The Common Good

Catholic Bishops Push (Again) on Immigration Reform

Catholic bishops returned to Capitol Hill on Thursday with a renewed push for immigration reform, as Miami Archbishop Thomas Wenski called the failure to address immigration reform “a stain on the soul of our nation.”

Members of U.S. Conference of Catholic Bishops’ Committee on Migration. Religion News Service photo by Heather Adams.

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Before fanning out to meet with lawmakers, members of the U.S. Conference of Catholic Bishops’ Committee on Migration held a Mass at a Capitol Hill church that recalled a dramatic Mass they held April 1 along the U.S.-Mexican border.

Wenski, the committee’s chairman, said, “When laws fail to advance the common good, they can and they should be changed.”

The bishops’ push was accompanied by a separate open letter to House Speaker John Boehner, a Catholic, signed by 30 Catholic leaders, including the Rev. Larry Snyder, CEO of Catholic Charities USA, and the Rev. Thomas H. Smolich, who oversees Jesuit priests in the U.S.

“Legislative obstruction in the face of preventable suffering and death is not only a failure of leadership. It is immoral and shameful,” the letter said. “The eyes of our God — who hungers for justice and commands us to welcome the stranger and bind the wounds of those left by the side of the road — are on us.”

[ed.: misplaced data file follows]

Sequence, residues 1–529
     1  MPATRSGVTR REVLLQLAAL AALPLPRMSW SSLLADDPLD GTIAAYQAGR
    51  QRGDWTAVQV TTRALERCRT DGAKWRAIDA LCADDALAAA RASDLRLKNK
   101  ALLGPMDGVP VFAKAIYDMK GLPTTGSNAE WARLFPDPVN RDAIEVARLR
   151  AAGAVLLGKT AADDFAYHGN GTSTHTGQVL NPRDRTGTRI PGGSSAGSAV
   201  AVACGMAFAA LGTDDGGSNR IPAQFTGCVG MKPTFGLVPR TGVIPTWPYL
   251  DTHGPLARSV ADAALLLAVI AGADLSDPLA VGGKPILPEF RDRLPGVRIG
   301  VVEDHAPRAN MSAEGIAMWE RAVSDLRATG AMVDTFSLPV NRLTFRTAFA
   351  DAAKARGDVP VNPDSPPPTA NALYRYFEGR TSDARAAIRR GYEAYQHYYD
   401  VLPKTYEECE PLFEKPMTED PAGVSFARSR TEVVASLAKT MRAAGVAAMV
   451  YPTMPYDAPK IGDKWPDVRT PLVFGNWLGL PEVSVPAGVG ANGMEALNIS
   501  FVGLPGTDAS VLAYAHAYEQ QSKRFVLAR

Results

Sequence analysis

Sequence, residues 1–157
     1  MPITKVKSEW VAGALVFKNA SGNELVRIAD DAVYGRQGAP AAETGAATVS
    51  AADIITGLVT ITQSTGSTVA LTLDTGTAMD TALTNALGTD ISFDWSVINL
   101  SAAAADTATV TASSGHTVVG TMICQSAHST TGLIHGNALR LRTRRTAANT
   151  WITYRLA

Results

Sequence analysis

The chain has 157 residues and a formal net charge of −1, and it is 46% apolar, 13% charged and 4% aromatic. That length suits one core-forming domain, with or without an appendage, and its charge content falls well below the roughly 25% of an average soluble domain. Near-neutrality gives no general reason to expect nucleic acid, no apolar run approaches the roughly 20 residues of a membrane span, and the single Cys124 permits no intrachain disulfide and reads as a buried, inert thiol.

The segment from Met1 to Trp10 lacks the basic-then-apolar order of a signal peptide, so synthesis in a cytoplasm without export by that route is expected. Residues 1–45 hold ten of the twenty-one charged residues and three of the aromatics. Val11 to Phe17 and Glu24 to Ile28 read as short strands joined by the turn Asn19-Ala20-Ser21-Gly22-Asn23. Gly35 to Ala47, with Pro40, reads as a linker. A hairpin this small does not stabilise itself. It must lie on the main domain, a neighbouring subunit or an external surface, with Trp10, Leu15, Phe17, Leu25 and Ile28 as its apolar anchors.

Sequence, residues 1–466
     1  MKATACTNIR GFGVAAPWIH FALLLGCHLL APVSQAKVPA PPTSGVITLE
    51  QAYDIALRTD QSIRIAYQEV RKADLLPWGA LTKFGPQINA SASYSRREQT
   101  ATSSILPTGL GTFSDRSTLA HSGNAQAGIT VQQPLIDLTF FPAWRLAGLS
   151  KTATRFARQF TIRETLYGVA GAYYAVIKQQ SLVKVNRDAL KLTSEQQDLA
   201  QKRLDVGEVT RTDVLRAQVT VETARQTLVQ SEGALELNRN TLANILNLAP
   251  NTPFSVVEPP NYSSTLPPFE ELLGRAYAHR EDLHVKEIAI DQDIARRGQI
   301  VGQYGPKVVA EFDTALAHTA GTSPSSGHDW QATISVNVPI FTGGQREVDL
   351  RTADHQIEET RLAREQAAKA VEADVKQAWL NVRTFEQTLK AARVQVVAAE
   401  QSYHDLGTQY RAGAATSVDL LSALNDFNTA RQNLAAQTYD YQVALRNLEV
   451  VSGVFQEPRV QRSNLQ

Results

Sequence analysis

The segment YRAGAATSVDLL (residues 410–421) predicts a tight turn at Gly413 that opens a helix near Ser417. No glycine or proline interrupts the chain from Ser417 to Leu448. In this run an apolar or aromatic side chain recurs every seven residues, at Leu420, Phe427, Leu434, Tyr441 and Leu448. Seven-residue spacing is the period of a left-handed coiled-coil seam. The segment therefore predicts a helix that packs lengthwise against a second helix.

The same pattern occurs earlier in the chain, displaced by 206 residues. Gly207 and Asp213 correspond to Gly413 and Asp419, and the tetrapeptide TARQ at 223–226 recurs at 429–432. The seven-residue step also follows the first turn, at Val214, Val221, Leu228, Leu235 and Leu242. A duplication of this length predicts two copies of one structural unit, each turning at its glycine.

Advocates have been pushing the House to pass an immigration bill for months; the Senate passed the bill last June but it has faced steep opposition in the Republican-controlled House, where Boehner says it lacks the votes to pass.

Bishop Gerald Kicanas of Tucson, Ariz., said that the prelates planned to tell some of the stories from the border Mass to lawmakers to humanize the immigration debate because “when there’s a faceless person, it’s easy to reject or ignore or put aside that person.”

During Wenski’s homily, he said the immigrants aren’t criminals and are looking to “regain themselves with honest work.”

“They aren’t outside the law because they want to be,” Wenski said, adding that undocumented immigrants should have the chance to earn U.S. citizenship.

Heather Adams writes for Religion News Service. Via RNS.

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